The Importance Of Karma In Jainism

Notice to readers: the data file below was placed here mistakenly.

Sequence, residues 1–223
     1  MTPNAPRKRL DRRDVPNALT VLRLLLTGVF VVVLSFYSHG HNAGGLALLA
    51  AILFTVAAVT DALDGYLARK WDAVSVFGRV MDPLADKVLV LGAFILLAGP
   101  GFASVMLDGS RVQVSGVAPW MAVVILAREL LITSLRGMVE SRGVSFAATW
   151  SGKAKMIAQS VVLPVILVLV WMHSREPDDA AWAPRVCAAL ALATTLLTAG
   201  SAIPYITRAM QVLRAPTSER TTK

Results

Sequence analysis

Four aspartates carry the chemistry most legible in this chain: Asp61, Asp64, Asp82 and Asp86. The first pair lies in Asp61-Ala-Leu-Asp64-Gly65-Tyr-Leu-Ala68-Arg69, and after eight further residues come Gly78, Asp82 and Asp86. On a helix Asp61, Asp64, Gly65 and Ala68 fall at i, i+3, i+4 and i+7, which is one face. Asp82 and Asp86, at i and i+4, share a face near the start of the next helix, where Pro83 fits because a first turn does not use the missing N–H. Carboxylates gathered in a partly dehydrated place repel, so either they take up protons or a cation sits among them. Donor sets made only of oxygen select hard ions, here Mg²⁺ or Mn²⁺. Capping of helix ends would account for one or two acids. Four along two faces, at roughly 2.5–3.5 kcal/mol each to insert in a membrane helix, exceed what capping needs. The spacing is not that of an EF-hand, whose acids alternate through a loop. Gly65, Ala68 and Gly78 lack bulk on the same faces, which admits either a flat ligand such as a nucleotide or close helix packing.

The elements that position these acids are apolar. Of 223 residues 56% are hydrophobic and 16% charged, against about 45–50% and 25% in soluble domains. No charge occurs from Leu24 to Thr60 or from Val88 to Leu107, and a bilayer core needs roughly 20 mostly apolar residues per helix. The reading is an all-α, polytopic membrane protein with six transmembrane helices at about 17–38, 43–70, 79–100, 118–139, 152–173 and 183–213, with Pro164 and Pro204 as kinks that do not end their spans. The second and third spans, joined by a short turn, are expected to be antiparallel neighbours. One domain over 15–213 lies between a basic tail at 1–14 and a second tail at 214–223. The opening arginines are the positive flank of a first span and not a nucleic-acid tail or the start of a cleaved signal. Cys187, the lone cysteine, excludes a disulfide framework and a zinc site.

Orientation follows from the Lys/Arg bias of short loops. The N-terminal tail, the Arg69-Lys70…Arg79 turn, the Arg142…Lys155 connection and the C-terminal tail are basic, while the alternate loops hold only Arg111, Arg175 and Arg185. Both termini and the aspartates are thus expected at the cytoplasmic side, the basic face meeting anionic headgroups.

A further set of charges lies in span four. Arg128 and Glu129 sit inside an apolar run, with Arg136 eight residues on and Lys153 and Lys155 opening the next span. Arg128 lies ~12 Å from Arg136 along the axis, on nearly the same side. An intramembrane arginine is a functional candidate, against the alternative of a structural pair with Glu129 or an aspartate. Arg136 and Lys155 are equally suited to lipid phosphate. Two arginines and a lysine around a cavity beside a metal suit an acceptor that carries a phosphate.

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Karma, in Jainism, is physical matter or (ajiva) that are attracted to the soul by its actions. This karma then obscures the purity of the soul making it difficult for an individual to achieve liberation or (moksha). In this religion, the complexity of karma is understood to have an effect in both the physical sense as well as in the spiritual realm. It is believed that one cannot fully liberate from samsara unless the soul is cleansed of all karma, dark or light. Because achieving moksha is no easy feat, many souls continue to endure samsara by accumulating more karma. To stop the continuous accumulation of karma and achieve moksha, one must allow the soul to endure a journey of extreme asceticism. Though many souls are not able to embark on this journey, all Jains make five ethical vows which include ahimsa, satya, asteya, brahmacharya, and aparigraha. Through austere practices of self discipline, those that desire to reach moksha must follow three main principles, ahimsa, anekantavada, and aparigraha. Following these principles allows one’s soul to rid of all physical evils and eventually detach from the body to unite with other perfected souls in Siddha-Loka or the “World of Saints”. Avoiding Karma in Jainism is an autonomous quest done through intense altruism, self-restraint and patience. Ahisma meaning “non-violence” is one of the fundamental principles of Jainism that individuals practice to avoid karma. This is the belief that one should not harm any form of
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